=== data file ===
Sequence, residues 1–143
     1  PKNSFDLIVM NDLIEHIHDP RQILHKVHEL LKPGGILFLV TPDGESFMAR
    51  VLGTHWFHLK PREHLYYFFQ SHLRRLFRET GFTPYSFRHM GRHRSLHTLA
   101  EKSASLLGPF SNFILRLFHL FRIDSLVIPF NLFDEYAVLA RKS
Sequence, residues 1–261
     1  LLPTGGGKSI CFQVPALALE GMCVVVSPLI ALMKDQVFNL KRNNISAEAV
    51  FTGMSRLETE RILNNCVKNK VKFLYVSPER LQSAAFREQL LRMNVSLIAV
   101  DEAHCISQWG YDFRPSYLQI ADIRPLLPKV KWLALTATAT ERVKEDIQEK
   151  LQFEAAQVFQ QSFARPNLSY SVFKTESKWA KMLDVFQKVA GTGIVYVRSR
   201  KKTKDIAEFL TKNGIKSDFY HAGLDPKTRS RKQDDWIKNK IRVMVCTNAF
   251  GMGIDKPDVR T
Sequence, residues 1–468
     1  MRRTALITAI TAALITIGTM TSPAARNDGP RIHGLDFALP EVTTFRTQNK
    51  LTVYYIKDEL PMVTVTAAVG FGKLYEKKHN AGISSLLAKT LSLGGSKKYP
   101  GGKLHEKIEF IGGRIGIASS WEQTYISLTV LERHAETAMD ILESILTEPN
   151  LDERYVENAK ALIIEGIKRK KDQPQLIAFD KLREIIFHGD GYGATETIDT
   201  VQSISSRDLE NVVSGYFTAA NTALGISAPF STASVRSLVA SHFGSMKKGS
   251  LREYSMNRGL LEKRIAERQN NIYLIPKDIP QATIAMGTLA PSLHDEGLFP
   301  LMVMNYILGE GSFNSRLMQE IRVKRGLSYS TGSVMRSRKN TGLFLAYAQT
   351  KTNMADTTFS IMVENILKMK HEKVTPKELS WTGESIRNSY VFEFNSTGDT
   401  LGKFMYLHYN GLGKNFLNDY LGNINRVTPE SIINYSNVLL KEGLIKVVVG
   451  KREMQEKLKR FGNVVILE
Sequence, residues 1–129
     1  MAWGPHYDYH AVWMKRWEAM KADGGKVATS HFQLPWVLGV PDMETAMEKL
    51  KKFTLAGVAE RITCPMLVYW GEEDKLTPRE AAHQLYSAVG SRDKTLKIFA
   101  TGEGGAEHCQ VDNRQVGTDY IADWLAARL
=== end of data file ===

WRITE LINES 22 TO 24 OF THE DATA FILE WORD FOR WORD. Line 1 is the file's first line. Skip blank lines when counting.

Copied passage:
   451  KREMQEKLKR FGNVVILE
Sequence, residues 1–129
     1  MAWGPHYDYH AVWMKRWEAM KADGGKVATS HFQLPWVLGV PDMETAMEKL